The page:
Fresh H&H bagels, though, would be something else...

          1. re: Jordan

            I've been to lots of places that import H&H bagels and imported they're just okay. Not bad - but not really representative of a good NY bagel. I've been to H&H several times and while I don't even think that they are the pinnacle of NY bagel making (I've been to smaller bagel shops in NY that I prefer), they're much better fresh compared to when you have them out here.

            1. re: katebauer

              Do you recall any specific names of other bagel sources in NY? I certainly did not exhaust my bagel options there. The idea of something better than an H&H....mmmm...bagels...mmmm.

              1. re: pgokey

                I'm probably of no help to you because all my regular bagel spots are on Long Island near my parents.

          2. re: pgokey

            Yes, I've had them in NYC at least a dozen times. While I admit that they are good, are they the be all end all? No. To each his own, I say. Locally, I would much rather have Breuggers.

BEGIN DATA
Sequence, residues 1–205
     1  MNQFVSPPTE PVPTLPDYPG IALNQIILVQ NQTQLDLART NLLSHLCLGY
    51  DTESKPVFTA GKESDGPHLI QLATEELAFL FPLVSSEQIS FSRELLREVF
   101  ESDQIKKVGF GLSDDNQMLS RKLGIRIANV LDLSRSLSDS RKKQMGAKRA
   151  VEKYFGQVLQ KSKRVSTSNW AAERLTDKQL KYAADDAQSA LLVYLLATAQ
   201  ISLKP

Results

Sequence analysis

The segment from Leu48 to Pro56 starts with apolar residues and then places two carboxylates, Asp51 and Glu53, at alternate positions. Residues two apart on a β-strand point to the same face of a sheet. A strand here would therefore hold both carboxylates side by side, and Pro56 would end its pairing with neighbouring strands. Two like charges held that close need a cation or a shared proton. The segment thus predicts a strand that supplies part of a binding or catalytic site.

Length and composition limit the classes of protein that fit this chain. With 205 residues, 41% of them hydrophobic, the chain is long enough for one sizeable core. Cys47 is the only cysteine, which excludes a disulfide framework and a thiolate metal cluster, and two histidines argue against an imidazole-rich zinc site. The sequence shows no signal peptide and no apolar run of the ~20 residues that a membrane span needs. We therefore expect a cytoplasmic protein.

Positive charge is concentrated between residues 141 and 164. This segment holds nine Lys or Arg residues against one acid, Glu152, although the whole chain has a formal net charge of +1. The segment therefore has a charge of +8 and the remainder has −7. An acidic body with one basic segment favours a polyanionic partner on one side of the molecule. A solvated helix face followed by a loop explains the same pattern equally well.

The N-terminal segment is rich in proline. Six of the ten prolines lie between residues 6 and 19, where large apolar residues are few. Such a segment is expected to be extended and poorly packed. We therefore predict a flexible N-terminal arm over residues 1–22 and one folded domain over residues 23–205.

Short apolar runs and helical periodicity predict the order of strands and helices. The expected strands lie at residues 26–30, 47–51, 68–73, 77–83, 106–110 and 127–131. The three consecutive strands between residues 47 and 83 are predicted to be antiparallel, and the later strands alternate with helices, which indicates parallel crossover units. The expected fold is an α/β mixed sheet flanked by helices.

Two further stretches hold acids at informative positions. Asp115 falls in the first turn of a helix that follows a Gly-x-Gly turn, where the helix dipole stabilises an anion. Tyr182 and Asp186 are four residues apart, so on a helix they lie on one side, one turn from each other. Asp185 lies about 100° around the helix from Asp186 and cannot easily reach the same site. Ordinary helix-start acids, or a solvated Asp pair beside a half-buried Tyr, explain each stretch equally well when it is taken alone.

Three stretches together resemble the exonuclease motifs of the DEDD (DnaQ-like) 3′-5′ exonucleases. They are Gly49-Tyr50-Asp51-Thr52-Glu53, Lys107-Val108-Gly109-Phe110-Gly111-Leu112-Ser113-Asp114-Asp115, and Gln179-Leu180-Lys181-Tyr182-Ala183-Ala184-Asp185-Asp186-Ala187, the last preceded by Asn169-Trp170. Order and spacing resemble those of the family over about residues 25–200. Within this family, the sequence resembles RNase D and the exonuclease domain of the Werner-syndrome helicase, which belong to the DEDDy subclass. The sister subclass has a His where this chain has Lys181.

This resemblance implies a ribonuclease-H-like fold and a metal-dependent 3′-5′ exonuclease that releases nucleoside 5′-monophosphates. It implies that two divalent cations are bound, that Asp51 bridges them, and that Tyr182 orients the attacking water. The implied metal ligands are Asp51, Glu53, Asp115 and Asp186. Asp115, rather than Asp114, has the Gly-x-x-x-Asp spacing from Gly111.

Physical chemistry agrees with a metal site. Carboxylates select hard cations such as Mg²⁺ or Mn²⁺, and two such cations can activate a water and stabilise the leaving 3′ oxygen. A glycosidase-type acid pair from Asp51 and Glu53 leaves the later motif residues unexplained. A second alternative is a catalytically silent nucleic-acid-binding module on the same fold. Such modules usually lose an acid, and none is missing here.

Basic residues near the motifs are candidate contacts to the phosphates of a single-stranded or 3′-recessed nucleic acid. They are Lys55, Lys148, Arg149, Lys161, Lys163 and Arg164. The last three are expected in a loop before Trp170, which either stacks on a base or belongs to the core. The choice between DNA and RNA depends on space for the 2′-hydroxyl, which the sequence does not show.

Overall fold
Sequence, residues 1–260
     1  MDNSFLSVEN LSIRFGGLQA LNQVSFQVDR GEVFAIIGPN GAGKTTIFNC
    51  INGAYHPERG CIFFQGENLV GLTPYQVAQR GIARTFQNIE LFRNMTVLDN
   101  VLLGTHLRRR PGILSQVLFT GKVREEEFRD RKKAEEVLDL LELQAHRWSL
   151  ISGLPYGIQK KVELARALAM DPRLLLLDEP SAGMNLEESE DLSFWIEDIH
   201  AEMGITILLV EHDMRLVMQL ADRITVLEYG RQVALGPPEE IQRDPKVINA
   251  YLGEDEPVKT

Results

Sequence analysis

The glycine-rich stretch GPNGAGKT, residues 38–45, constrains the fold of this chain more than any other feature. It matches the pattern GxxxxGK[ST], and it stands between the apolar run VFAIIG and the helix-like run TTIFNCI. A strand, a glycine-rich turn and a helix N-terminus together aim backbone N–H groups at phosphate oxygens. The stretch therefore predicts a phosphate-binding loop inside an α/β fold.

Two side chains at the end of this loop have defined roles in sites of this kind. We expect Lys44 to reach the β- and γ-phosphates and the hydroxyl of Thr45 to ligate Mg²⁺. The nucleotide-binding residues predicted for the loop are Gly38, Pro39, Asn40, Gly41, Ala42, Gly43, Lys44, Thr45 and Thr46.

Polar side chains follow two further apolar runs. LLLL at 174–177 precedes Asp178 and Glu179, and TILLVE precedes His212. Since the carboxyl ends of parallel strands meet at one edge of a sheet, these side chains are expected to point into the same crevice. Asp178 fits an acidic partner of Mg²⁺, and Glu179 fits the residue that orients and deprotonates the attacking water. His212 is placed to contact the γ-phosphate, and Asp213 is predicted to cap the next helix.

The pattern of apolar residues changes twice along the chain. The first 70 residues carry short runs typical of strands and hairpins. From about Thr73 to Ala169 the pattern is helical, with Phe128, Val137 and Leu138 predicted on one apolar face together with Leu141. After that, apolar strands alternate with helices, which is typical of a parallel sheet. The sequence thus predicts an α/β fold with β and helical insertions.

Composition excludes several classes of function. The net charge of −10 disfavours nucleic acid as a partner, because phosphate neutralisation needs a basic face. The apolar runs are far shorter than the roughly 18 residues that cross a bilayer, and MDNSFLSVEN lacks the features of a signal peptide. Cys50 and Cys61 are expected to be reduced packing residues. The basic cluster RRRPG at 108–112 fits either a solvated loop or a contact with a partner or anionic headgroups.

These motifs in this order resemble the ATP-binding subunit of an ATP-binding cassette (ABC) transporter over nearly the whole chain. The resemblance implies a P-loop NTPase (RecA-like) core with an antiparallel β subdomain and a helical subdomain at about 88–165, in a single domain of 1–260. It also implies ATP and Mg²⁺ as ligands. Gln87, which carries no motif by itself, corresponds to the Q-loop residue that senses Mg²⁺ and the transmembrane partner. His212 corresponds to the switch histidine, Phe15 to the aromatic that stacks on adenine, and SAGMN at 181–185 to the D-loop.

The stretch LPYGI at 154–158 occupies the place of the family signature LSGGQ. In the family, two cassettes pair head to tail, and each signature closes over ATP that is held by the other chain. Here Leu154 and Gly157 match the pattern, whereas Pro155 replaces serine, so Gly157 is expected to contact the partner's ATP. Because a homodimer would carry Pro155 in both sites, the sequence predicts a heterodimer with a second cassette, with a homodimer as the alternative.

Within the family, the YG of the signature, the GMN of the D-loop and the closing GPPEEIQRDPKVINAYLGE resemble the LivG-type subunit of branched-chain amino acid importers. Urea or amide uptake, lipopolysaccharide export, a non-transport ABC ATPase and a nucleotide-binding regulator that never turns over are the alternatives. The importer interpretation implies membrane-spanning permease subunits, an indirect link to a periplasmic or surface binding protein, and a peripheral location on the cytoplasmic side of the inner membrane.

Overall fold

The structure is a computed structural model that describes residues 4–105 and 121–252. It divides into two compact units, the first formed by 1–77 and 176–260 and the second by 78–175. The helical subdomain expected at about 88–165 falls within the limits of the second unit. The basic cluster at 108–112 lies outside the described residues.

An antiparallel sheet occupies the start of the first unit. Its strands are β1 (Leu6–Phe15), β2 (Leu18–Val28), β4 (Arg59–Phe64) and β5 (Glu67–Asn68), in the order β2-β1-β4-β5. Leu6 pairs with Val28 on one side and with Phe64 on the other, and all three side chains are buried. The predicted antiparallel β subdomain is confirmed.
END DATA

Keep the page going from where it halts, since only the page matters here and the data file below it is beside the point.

1. re: FishMPLS

              See how quickly a bagel can kill a good donut? I'm sorry I brought up that word. I was afraid this string would happen. ;)

          3. re: FishMPLS

            I've eaten (and baked my own) bagels -- aggressively looking for good ones -- in Madison, Minneapolis/St. Paul, Boston and New York. NYC is far and away the home of good bagels -- it's not even a contest. I don't know how H&H hold up after shipping, but on their home turf they are hell of solid. My personal favorite are Terrace Bagels in Park Slope.